• Actually, lots of people do complain about roads, rail and other infrastructure after they are built. However, it seems to be very difficult to get government to listed once the scheme is in operation. Obviously, impossible to say re Crossrail specifically as it hasn’t been finished. Rarely, do people ask for the infrastructure to be removed as that would be unrealistic or practically impossible

    • Excellent post Stuart well said, I think you just about summed up the ridiculousness of the nimby card.

      • Why is it ridiculous ? You wouldnt even be interested if the line was proposed down the East side of the country ?

        • So lets say there was a proposal for a giant open cast coal mine near the lake district- or some other AONB. This would employ lots of jobs in the area and fund a gap in energy provision. What you are saying is that nobody in
          the south east would be bothered with the debate? No one would oppose the scheme? Im sure the environmental movement up and down the country would be outraged. How near any scheme is someone classed as a NIMBY?
          Is it in meters or Km.? What is the distance for this figure?

          • In which case, isnt the term Not In Anyones Back Yard?…..Nuclear Power Plants usually generate this type of protest, of which there is one near the Lakes at Sellafield

          • How near any scheme is someone classed as a NIMBY? Is it in meters or Km.? What is the distance for this figure?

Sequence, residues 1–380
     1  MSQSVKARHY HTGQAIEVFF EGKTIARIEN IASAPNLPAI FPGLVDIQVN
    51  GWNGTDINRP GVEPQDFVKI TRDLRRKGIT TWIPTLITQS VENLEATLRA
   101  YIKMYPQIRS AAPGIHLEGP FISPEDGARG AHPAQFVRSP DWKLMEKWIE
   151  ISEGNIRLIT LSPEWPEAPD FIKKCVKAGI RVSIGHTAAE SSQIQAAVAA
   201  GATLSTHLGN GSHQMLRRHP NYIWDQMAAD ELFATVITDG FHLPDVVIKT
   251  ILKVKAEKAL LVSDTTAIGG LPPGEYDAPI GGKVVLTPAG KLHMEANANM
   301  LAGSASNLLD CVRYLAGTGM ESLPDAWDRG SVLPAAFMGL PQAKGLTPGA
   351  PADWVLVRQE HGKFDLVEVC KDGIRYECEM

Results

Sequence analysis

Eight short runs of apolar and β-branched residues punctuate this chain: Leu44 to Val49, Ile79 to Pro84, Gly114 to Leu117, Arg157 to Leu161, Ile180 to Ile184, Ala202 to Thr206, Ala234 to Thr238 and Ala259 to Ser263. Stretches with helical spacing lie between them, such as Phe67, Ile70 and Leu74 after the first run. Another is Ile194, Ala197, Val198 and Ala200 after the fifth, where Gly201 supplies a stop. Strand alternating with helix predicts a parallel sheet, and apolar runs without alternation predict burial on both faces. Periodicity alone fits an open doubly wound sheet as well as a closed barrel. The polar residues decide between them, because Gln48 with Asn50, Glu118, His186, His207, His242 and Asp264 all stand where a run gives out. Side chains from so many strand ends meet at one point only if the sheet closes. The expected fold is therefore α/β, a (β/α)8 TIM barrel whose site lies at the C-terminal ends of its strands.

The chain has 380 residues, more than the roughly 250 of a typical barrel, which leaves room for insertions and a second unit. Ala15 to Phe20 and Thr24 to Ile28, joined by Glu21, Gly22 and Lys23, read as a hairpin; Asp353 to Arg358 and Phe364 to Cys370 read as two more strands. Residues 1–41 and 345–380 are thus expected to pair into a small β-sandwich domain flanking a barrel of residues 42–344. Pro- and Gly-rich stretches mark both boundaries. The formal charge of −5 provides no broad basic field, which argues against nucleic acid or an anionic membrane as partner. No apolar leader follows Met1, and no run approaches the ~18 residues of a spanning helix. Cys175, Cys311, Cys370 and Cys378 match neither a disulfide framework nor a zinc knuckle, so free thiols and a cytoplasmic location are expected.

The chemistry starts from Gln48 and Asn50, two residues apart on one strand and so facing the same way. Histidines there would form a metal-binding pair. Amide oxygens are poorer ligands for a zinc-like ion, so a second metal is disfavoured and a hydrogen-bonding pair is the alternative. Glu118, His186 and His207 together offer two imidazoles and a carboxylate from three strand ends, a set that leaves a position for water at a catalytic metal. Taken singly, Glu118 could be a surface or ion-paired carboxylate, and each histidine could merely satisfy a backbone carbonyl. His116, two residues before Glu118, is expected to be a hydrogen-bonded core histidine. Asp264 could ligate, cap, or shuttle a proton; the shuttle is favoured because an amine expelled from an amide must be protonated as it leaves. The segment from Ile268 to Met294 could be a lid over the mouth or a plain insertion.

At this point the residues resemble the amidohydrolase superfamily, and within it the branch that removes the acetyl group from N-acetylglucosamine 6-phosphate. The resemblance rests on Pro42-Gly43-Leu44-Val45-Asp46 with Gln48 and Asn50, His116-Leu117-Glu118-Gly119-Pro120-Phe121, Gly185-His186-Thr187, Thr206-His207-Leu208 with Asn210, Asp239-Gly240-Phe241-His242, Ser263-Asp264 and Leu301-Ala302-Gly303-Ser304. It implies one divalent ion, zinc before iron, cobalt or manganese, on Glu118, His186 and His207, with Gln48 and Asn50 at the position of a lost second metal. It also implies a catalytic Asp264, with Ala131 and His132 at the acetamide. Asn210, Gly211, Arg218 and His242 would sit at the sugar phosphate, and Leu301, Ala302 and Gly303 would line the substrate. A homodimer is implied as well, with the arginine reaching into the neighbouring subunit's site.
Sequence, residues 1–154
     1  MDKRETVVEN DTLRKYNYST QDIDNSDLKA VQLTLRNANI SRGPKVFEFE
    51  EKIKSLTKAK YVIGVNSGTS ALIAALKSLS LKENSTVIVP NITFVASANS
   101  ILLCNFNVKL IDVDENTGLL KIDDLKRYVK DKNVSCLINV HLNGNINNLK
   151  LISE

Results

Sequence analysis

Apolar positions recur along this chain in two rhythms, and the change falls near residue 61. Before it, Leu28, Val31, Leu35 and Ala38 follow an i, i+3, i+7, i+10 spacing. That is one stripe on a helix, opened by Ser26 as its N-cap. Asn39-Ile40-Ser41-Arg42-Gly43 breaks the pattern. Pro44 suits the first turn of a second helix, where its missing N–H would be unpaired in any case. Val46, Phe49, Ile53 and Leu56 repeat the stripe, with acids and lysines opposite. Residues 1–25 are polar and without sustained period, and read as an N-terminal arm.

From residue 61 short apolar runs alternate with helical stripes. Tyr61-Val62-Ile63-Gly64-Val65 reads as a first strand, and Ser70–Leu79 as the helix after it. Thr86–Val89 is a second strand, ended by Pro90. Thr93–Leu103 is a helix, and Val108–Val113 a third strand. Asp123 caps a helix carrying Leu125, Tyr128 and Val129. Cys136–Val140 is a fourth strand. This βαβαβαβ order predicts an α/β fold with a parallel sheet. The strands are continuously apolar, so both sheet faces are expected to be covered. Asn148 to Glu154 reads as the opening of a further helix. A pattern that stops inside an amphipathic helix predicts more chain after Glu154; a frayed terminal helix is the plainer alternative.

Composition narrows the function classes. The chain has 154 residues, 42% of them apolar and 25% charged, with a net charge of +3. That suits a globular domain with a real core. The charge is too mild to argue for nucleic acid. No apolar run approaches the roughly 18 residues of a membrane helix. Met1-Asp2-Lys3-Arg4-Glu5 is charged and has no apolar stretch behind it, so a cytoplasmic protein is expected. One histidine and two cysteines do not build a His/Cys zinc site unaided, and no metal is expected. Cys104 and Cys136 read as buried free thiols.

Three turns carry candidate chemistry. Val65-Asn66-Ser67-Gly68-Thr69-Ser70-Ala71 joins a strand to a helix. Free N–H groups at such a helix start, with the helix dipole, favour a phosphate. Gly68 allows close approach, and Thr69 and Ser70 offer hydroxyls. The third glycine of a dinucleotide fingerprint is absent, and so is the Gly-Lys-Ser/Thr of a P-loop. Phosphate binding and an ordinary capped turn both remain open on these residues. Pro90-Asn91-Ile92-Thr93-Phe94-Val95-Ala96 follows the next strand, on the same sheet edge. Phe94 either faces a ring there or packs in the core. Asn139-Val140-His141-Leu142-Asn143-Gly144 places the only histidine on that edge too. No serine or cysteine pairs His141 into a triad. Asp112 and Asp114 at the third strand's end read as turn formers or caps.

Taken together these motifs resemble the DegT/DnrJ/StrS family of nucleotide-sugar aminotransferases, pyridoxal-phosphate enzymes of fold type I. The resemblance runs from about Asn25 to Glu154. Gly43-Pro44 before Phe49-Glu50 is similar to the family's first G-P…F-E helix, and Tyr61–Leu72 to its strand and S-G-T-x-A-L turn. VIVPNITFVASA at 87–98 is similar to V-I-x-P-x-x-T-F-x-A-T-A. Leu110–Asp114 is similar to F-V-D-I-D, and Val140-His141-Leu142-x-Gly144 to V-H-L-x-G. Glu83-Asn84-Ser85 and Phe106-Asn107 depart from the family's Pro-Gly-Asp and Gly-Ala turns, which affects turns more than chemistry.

You could probably calculate an answer by looking at where all the anti-HS2 campaign groups are located. If you were to plot them on a map, you’d find that the statistical “line of best fit” pretty much hugs the HS2 route.

            Hope this helps.

  3. So there will be no easy access to HS2 for Wales …..unless I m mistaken, the proposed Old Oak Common station is an interchange for Great Western, Crossrail and HS2 ???

    The GWL/SWML is being electrified as far as Cardiff……one of the specs for the new IEP agilty trains ( which will replace the current HSTs) is for an electric power unit at one end and a diesel at the other ( in other words, a hybrid). These will be built in the North East, providing around 500 jobs. They are designed to reduce the journey time from Swansea to London by about 20 minutes once the OHLE is built from Cardiff onwards.

    As for North Wales, Virgin are planning to increase capacity with an twin set voyager , one half of which will be released from its current duties once the 11 car pendolinos are up and running. Once HS2 is built, North Wales would be one of the beneficiaries of the capacity released on the WCML.

    Its is somewhat ironic that the Welsh would complain about rail service when one was introduced from Wrexham to London by WSMR a few years ago, it has now been withdrawn as the number of passengers using it was below expectations.